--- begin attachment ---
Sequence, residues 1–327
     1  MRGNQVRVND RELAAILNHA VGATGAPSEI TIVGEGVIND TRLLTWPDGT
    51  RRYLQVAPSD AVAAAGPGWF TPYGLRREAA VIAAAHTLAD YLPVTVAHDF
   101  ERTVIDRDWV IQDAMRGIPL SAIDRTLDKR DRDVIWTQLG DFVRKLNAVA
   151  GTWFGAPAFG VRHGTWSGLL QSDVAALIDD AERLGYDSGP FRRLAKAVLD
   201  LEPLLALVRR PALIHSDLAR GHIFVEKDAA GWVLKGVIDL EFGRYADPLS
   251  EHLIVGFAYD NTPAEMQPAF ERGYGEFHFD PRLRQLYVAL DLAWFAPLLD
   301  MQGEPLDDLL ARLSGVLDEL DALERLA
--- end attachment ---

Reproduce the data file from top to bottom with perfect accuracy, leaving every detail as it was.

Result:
Sequence, residues 1–327
     1  MRGNQVRVND RELAAILNHA VGATGAPSEI TIVGEGVIND TRLLTWPDGT
    51  RRYLQVAPSD AVAAAGPGWF TPYGLRREAA VIAAAHTLAD YLPVTVAHDF
   101  ERTVIDRDWV IQDAMRGIPL SAIDRTLDKR DRDVIWTQLG DFVRKLNAVA
   151  GTWFGAPAFG VRHGTWSGLL QSDVAALIDD AERLGYDSGP FRRLAKAVLD
   201  LEPLLALVRR PALIHSDLAR GHIFVEKDAA GWVLKGVIDL EFGRYADPLS
   251  EHLIVGFAYD NTPAEMQPAF ERGYGEFHFD PRLRQLYVAL DLAWFAPLLD
   301  MQGEPLDDLL ARLSGVLDEL DALERLA